from Asia Unbound

Behind China’s Changing Approach to Foreign Policy

January 31, 2011

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 	 Add to cart   Add to lightbox (The Chronicle - February Cover Options) Download layout (Watermarked) Paramilitary police recruits take an oath in front of a Chinese national flag during a military rank conferral ceremony at a military base in Suining
Paramilitary police recruits take an oath in front of a Chinese national flag during a military rank conferral ceremony at a military base in Suining, Sichuan province January 28, 2011. (Stringer Shanghai/Courtesy Reuters)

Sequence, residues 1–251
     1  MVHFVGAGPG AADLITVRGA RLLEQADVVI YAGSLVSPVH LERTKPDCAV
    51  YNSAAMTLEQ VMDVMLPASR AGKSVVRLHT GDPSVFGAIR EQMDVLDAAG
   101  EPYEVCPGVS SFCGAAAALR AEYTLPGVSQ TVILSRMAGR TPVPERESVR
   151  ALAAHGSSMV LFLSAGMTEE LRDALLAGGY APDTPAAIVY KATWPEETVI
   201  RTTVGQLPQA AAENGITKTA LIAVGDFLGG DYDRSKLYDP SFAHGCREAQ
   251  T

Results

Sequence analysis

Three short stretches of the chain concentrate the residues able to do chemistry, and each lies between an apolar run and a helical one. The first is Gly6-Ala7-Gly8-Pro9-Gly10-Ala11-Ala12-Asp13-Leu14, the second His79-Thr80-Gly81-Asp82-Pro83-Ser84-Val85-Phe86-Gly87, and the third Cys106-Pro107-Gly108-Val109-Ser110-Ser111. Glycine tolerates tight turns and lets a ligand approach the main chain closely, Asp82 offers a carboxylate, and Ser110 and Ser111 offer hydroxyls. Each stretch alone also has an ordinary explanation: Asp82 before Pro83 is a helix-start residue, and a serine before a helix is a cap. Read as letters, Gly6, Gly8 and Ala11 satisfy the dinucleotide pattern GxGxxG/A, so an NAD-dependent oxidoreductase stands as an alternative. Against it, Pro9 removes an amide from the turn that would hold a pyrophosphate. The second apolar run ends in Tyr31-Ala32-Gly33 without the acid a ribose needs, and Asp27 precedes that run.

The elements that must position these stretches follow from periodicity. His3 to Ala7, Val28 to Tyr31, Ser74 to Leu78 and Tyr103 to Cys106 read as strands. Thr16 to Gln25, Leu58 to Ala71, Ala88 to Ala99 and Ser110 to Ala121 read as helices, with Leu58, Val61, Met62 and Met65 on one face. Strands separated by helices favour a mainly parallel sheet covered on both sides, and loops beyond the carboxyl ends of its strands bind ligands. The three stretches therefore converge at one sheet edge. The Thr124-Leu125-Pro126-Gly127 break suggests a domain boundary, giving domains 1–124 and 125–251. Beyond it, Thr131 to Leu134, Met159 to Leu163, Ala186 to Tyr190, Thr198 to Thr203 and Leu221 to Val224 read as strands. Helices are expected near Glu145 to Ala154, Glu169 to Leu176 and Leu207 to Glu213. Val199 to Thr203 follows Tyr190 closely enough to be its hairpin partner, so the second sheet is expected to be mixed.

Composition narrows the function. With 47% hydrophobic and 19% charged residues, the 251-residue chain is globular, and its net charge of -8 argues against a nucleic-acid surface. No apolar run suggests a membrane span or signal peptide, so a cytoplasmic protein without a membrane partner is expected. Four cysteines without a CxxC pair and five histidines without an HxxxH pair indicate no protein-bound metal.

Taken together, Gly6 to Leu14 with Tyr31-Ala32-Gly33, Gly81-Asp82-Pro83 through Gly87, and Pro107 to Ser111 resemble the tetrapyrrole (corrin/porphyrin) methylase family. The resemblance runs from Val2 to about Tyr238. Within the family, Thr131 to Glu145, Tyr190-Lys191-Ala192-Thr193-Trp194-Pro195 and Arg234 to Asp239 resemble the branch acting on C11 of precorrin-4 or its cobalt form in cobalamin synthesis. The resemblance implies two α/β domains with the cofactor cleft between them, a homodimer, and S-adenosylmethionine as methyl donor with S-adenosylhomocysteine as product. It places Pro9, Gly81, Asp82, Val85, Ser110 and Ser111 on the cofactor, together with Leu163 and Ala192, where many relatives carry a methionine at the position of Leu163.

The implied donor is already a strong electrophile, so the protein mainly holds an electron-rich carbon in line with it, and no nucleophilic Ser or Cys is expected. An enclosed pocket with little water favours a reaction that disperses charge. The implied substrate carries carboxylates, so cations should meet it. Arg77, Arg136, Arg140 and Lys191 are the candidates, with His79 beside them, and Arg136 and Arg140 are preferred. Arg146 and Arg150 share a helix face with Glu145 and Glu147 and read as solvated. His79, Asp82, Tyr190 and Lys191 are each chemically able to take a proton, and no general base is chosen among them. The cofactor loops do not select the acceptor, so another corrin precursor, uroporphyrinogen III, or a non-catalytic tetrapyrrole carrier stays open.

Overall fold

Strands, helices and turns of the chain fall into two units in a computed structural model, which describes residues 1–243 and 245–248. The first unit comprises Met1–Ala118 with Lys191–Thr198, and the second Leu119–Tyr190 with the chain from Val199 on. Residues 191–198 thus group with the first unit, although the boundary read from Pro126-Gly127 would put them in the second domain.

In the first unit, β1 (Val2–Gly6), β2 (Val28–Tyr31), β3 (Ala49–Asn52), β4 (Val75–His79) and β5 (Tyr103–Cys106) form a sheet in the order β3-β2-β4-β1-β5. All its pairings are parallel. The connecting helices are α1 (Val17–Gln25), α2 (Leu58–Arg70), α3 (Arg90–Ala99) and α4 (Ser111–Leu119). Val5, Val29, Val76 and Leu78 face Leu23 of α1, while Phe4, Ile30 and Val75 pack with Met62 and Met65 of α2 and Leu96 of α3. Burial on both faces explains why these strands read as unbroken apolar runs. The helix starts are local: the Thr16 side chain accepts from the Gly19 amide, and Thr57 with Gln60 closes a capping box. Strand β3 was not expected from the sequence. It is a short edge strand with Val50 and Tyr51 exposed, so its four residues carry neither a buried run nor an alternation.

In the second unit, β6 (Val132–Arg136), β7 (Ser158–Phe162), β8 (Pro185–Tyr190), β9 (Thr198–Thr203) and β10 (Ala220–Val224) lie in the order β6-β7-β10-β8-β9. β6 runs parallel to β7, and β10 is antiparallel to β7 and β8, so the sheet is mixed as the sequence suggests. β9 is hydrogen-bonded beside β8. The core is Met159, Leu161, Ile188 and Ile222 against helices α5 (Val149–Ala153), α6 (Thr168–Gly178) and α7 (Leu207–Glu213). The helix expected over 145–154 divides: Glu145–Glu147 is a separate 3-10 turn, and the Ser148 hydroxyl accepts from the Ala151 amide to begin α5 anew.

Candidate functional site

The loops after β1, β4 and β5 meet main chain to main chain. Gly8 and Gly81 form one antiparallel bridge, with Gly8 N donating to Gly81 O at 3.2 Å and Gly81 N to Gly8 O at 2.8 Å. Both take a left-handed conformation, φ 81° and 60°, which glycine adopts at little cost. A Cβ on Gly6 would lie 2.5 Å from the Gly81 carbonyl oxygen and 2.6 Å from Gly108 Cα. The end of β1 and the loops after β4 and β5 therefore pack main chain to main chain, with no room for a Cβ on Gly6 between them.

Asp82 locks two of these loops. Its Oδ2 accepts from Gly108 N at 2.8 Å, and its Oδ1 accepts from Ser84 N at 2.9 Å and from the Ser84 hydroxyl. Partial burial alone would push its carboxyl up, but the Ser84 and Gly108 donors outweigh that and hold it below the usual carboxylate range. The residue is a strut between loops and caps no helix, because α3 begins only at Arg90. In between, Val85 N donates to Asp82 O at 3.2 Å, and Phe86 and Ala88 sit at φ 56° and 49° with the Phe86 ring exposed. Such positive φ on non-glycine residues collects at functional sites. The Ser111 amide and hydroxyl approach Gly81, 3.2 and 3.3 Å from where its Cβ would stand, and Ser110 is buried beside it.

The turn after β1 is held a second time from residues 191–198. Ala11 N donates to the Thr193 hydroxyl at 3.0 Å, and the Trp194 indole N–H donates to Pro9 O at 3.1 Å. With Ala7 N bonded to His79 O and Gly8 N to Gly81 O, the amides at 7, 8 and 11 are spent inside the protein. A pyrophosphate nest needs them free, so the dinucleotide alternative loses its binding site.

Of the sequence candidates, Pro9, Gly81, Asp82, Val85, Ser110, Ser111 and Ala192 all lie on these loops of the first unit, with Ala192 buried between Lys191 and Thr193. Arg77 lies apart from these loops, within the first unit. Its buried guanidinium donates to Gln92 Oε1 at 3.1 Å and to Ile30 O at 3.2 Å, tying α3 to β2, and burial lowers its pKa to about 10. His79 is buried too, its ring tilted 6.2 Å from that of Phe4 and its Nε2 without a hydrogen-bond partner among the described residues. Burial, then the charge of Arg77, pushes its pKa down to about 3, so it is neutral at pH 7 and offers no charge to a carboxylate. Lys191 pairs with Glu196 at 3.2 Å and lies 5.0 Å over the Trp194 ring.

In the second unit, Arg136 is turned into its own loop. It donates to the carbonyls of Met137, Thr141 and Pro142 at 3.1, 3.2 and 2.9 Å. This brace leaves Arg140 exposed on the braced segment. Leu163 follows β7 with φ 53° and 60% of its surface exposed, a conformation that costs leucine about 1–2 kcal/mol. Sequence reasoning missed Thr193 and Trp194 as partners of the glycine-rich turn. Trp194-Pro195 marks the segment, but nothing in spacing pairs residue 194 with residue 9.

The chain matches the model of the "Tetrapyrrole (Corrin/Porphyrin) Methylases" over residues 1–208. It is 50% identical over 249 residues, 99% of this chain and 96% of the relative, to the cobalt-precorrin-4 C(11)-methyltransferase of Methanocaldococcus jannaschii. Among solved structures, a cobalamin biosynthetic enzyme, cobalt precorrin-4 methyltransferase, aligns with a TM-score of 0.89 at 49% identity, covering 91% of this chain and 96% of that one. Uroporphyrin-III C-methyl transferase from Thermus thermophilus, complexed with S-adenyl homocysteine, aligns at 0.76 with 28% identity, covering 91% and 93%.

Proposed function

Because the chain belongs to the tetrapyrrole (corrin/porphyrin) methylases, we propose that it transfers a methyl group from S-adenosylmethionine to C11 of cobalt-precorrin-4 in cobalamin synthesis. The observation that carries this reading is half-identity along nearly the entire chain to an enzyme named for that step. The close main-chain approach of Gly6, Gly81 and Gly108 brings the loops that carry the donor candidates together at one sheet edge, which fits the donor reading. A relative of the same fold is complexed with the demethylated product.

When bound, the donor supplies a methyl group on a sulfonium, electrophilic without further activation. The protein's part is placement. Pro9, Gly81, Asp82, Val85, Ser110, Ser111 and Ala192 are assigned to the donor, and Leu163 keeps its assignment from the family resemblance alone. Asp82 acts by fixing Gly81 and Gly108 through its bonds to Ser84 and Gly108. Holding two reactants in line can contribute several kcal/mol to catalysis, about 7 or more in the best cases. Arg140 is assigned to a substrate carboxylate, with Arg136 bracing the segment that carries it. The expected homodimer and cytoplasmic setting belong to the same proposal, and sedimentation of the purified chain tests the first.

Over the past two years, countries in Southeast Asia – and in some other parts of the world – increasingly have noticed sharp changes in Chinese foreign policy. These have been most evident regarding disputes over the South China Sea, contested territories with Japan, and other hot spots, but a new, more aggressive foreign policy is noticeable even in some of the most minor bilateral issues with China. Yet often China’s new, more proactive foreign policy actually seems to be backfiring, costing Beijing many of the gains it made in winning Asian nations’ trust during the late 1990s and early 2000s.

In the new issue of The New Republic, I have an article (subscription required) looking at the reasons why China has begun to adopt a more aggressive foreign policy – and the ramifications of this change.

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